By Steve Hubrecht 

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Keep that fishing rod and standup paddle board tucked away: waterbodies in Kootenay National Park will remain closed for at least another year.

In fall 2023, Parks Canada closed lakes, rivers, ponds, wetlands, streams and creeks in the national park (which begins immediately to the east of the Village of Radium Hot Springs) until March 2024. It made this decision after it found the parasite that causes whirling disease in Yoho National Park. Waterbodies in Yoho were also closed. (Yoho borders Kootenay National Park.) Whirling disease has extremely high mortality rates (up to 90 per cent) in certain kinds of fish, including iconic Columbia Valley species such as Kokanee salmon, westslope cutthroat trout and mountain whitefish.

At the time, Parks Canada Lake Louise, Yoho and Kootenay field unit aquatic ecologist Shelley Humphries explained to the Pioneer that the closures were a precaution, taken to prevent the spread of the parasite while Parks Canada figures out its next steps.

Last week Parks Canada extended the waterbody closures in Kootenay and Yoho for a full year until March 2025. The federal agency outlined in a statement that it spent the winter months analyzing its options and that the continued closures will help protect fish and allow Parks Canada to conduct further sampling and monitoring.

There is no treatment for whirling disease, and once the disease is established, it is extremely difficult to eradicate.

Kokanee salmon, westslope cutthroat trout and mountain whitefish are important ecologically (both Kokanee and westslope cutthroat trout are considered keystone species in certain ecosystems). All three species are very popular with anglers (and tourists who visit the valley to fish), and all three species (especially the Kokanee) hold significance for local First Nations.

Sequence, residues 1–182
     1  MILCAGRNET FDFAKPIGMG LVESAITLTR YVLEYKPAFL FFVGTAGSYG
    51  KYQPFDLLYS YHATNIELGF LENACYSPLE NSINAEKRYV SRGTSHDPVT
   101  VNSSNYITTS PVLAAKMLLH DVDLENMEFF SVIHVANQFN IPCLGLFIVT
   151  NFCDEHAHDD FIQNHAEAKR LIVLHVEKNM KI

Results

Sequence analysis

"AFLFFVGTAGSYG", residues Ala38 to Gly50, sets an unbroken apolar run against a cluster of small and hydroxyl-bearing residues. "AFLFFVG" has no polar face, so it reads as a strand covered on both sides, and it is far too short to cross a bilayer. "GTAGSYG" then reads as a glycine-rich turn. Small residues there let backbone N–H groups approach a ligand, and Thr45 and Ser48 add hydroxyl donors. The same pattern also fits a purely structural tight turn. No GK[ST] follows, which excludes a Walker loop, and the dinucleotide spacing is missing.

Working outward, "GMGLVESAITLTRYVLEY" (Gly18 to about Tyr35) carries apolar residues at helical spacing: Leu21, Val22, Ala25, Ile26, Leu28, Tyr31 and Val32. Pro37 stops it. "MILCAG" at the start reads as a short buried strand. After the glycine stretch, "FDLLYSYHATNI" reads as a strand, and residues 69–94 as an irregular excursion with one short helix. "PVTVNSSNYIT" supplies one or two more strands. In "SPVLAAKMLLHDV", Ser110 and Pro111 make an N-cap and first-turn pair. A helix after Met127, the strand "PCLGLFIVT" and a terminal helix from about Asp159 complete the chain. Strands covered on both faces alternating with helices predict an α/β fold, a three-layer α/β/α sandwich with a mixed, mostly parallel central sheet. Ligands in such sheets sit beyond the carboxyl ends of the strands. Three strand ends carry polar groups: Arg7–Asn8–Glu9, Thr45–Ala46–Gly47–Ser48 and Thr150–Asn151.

The cases of whirling disease in Yoho last year were the first cases anywhere in B.C. But the disease had been present in nearby parts of Alberta for several years. The disease probably spread across the continental divide by hitching a ride on recreational equipment such as fishing gear, stand-up paddle boards, kayaks, or boats.

“That’s the most likely method of transfer — people and recreational activities, especially if people don’t handle their equipment properly or clean it well,” Humphries told?the Pioneer last fall.

To make sure fishing equipment and stand-up paddle boards are truly whirling disease free, all water, mud and plant matter must be thoroughly removed and the equipment then left to dry for a minimum of 48 hours before it is used in a different water body.

This process is inconvenient, especially for those who want to visit a certain lake one day and a different lake the next. But it’s necessary. Humphries, an avid angler herself, has two pairs of waders: if she visits two different fishing spots in one weekend, she uses a different pair of waders at each.